Franklin, Jefferson Counties Issue Burn Bans
(Franklin County, Ind.) – Two area counties have joined much of the rest in Indiana in calling for a ban on outdoor burning.
Much of the state is in a drought, with most of southeast Indiana abnormally dry according to the U.S. Drought Monitor.
Because of the dangerously dry conditions, both Franklin and Jefferson counties have enacted county-wide burn bans until further notice. Seventy-six of Indiana’s 92 counties now have some type of burn ban in effect .
The Jefferson County Board of Commissioners advised residents against burning brush piles or carelessly tossing cigarette butts from their vehicles as dry conditions persist in the county and across the state.
Jefferson County Emergency Management Director Dave Bell told commissioners that if the county does not receive significant rainfall within the next week, township fire chiefs likely will request a ban.
With the Fourth of July approaching, some Indiana counties are restricting the use of fireworks. Even if a county is not prohibiting fireworks, the Indiana State Fire Marshal’s Office is still urging Hoosiers to exercise extreme caution.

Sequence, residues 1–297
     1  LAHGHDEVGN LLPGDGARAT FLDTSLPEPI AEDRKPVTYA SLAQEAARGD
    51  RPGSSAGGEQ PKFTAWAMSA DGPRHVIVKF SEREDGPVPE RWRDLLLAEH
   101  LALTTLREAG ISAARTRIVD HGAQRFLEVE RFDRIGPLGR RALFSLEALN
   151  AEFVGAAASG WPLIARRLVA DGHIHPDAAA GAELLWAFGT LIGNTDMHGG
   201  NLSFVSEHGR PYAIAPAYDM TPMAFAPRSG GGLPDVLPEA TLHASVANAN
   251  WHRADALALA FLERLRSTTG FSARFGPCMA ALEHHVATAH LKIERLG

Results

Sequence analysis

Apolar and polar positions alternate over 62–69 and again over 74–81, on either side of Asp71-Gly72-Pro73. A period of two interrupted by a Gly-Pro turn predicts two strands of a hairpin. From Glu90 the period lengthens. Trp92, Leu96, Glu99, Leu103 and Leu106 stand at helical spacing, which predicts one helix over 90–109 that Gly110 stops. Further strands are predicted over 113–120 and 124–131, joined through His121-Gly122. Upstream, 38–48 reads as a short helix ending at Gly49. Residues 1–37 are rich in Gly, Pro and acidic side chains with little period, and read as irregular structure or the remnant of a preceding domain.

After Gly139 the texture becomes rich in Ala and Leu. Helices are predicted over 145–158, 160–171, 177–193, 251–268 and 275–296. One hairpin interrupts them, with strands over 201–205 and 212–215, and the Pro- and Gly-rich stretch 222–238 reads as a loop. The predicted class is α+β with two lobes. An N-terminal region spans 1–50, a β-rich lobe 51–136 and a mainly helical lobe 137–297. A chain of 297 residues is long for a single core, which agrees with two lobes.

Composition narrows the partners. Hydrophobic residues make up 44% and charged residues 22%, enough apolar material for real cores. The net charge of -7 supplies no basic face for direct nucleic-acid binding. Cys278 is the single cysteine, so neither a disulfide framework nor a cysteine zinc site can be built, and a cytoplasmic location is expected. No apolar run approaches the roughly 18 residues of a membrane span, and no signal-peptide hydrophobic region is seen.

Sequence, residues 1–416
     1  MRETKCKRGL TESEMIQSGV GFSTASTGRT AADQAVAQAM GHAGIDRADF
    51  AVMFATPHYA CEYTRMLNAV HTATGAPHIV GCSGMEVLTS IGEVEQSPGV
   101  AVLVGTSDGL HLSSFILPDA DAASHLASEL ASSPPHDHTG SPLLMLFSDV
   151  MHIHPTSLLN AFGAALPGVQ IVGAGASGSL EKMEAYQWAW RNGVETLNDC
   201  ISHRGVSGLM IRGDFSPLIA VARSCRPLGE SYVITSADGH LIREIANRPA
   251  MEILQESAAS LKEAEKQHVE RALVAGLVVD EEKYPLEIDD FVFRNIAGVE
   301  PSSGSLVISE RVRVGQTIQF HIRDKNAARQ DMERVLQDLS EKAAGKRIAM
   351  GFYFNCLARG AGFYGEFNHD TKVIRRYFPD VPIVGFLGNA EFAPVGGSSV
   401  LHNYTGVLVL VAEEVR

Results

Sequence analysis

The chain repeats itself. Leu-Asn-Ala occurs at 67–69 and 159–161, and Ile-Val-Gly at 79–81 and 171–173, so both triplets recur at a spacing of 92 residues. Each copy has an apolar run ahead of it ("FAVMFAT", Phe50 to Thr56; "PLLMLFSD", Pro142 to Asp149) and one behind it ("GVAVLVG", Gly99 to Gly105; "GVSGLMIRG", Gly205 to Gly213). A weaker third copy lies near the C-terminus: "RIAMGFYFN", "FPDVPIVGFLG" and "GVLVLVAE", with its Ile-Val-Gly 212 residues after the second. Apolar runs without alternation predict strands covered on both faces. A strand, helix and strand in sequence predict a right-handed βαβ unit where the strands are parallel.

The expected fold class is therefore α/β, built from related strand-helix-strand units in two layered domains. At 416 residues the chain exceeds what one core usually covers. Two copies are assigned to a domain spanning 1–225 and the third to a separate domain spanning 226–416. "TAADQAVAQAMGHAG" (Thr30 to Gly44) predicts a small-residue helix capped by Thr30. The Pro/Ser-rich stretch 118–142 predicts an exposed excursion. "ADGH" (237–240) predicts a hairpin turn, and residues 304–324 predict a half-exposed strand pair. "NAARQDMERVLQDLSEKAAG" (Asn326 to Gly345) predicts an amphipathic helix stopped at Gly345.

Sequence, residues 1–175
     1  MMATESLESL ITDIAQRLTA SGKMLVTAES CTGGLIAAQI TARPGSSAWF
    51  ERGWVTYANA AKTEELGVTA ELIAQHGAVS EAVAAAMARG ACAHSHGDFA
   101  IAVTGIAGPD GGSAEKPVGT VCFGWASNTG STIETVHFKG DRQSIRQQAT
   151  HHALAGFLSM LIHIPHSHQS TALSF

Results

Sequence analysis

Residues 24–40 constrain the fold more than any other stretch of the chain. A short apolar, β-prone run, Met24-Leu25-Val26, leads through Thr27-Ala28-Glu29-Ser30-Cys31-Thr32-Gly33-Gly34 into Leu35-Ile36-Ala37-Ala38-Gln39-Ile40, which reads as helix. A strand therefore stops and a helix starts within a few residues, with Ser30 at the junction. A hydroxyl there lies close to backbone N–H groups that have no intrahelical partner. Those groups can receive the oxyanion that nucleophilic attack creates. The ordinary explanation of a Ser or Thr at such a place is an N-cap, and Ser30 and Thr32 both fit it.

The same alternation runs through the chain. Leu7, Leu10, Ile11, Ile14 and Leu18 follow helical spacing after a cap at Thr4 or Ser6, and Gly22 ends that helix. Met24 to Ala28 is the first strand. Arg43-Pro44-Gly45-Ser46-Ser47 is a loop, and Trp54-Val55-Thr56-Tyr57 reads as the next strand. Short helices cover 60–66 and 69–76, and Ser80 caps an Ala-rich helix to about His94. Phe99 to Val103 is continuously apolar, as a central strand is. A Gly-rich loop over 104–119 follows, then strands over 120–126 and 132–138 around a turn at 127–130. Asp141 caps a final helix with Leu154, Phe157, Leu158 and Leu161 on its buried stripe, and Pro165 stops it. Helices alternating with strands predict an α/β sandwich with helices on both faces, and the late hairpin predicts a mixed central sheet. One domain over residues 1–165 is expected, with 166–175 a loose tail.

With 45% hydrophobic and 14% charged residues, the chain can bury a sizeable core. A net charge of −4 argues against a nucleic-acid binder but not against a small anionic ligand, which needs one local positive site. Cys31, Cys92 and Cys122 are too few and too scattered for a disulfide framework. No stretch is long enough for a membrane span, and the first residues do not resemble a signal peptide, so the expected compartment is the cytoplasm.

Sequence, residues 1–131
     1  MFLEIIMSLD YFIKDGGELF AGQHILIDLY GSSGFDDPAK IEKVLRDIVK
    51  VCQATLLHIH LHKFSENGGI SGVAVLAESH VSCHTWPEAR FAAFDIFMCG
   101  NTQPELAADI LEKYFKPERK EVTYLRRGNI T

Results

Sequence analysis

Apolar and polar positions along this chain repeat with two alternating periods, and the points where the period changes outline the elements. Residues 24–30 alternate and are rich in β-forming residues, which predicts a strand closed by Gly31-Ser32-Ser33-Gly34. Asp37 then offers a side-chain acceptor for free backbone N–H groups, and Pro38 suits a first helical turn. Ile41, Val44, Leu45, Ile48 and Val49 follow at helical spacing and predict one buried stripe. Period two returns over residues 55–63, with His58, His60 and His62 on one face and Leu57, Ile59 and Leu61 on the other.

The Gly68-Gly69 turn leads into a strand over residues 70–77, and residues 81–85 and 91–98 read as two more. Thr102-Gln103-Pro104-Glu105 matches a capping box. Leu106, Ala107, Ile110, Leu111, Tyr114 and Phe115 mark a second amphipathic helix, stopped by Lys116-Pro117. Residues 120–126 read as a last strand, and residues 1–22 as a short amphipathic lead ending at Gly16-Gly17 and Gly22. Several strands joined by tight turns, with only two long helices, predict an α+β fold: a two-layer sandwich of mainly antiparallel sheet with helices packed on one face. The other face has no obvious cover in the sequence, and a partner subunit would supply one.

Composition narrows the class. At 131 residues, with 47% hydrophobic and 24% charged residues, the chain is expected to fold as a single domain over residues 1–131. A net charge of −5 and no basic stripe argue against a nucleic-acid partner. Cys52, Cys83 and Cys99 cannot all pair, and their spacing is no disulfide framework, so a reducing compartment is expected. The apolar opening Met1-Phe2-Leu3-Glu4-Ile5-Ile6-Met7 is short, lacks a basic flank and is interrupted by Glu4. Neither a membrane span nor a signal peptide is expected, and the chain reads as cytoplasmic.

“In a typical year, there are more fires on July 4 than on any other day of the year,” said Indiana State Fire Marshal Jim Greeson. “With extremely dry conditions pervasive across the state this year, anyone enjoying consumer fireworks needs to do so with a heightened level of caution. As evidenced by the numerous reports of grass and brush fires we have received already, grass and other vegetation in many areas are readily combustible.”
The state fire marshal provides these tips for preventing fireworks-related fires:
• Due to extremely dry conditions this June, some local jurisdictions are restricting the use of fireworks. Contact your city or county board of commissioners, or your local fire department to inquire about what fireworks prohibitions or restrictions may be in effect for your area.
• Discharge fireworks in a clear, open area and never point fireworks toward houses, trees, shrubs, fields, animals or people.
• Monitor wind speed and direction when discharging fireworks to avoid having fireworks devices blown into trees, house roofs, fields, etc.
• After discharging fireworks, retrieve all remnants to prevent smoldering firework materials from igniting a fire.
• Submerge all used fireworks, including spent sparklers, in a bucket of water overnight before discarding.
• Never discharge fireworks without having a fire extinguisher, water hose, or other extinguishing agent readily available.
• When attending professional fireworks displays, Marshal Greeson suggests Hoosiers avoid parking on tall grass, and park on gravel, concrete or asphalt whenever possible.
For more fireworks safety tips or information about dry weather safety, visit GetPrepared.in.gov.
Larry Duke contributed to this story.